Threatened by populists (often aligned with Russia) on the hard right and facing a disintegrating or directionless center-left, center-right figures like German Chancellor Angela Merkel and British Prime Minister Theresa May have found it to their advantage to co-opt some of the far-right’s immigration rhetoric. After taking millions of Syrian refugees and facing a revolt from more conservative members of her Christian Democrats, Ms. Merkel has tightened Germany’s refugee policy in advance of her bid for a fourth term this autumn, even as the Euroskeptic far-right, Alternative for Germany (AfD) has won key elections on Ms. Merkel’s home turf. Ms. May, an opponent of Brexit prior to her premiership, has determined that the UK will break cleanly with the EU, enacting a so-called “hard Brexit” that severs ties with the European single market as a means of controlling immigration. The poll standing of the right-wing, anti-immigrant United Kingdom Independence Party has fallen by about a third since Ms. May made clear that the UK would end its formal relations with the EU. 

Mr. Rutte has shown that there is electoral success to be found in taking a harder line toward immigration from outside Europe. Expect other conservatives, especially in Germany, to follow his lead. If they can win election in the face of an emboldened far-left and a menacing far-right, mainstream conservatives will look to Mr. Rutte’s method in this election as their textbook for survival. Mr. Rutte’s skepticism of immigrants and outsiders may have been politically successful, but whether it is healthy for European politics and society is another question entirely. Should other right-of-center, traditionally liberal parties adopt the approach, the face of Europe is likely to change, and its longstanding consensus regarding openness to immigrants is likely to wither.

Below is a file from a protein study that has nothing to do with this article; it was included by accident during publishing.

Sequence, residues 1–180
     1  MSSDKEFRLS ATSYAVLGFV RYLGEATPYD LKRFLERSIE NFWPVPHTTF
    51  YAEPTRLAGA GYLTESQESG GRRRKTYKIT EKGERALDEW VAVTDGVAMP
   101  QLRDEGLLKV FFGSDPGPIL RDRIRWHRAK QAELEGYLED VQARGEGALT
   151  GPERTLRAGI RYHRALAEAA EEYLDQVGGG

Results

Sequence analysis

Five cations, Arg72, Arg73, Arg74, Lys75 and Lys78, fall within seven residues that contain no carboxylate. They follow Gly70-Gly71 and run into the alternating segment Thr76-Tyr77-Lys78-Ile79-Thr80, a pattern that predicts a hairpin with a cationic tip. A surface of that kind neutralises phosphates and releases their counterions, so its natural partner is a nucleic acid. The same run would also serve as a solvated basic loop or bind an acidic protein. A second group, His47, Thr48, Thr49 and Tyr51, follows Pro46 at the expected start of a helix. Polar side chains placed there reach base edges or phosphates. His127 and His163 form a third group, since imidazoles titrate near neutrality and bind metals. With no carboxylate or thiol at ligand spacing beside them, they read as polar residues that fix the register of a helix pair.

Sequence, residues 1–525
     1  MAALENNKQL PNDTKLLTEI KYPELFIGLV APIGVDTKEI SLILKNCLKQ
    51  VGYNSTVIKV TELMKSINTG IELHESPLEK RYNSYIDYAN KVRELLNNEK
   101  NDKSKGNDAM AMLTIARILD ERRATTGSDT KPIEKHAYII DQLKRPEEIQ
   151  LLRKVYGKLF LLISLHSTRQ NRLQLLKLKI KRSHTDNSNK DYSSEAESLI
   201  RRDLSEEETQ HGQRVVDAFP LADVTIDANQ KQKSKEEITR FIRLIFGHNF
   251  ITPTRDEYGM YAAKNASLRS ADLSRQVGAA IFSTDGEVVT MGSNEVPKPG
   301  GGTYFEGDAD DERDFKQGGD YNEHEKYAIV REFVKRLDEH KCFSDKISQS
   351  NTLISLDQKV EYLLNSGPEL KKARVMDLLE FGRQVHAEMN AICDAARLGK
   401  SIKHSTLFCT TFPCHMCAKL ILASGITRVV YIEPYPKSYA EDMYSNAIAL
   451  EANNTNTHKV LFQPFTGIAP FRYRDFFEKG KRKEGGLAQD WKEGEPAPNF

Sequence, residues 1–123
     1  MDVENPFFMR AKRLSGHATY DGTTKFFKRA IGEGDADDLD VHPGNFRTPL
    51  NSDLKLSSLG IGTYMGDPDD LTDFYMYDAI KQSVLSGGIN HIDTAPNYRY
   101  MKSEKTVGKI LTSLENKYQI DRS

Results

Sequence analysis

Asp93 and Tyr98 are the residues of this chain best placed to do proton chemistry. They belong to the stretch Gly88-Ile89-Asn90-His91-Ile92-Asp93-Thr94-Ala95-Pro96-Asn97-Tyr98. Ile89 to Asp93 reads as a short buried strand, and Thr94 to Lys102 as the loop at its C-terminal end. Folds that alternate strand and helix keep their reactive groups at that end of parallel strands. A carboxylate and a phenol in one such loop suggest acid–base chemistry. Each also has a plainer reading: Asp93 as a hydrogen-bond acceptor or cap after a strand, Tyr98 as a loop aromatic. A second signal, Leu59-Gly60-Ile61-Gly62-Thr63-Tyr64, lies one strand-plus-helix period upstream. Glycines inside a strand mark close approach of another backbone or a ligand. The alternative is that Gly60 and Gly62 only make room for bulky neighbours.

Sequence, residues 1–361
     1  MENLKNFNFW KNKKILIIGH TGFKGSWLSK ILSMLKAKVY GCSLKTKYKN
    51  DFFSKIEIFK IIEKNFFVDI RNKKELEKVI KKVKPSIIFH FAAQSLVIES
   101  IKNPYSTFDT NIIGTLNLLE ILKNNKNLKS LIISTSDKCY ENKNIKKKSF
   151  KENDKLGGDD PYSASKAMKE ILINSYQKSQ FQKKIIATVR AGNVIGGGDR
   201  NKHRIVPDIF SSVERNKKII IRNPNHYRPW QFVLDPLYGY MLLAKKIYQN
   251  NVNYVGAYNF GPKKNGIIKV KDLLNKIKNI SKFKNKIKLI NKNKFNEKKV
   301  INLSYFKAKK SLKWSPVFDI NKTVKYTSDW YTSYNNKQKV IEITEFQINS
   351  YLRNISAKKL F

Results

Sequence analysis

1 http://www.geertwilders.nl/index.php/94-english/2007-preliminary-election-program-pvv-2017-2021

2 http://www.economist.com/news/europe/21718929-nonetheless-new-type-identity-politics-emerging-netherlands-geert-wilderss

3 http://www.spiegel.de/international/europe/why-mark-rutte-won-election-in-the-netherlands-a-1139055.html

4 http://www.irishtimes.com/news/world/europe/angela-merkel-tightens-germany-s-rules-for-migrants-1.2481503

5 http://time.com/4636078/theresa-may-hard-brexit-single-market/

6 http://ukpollingreport.co.uk/voting-intention-2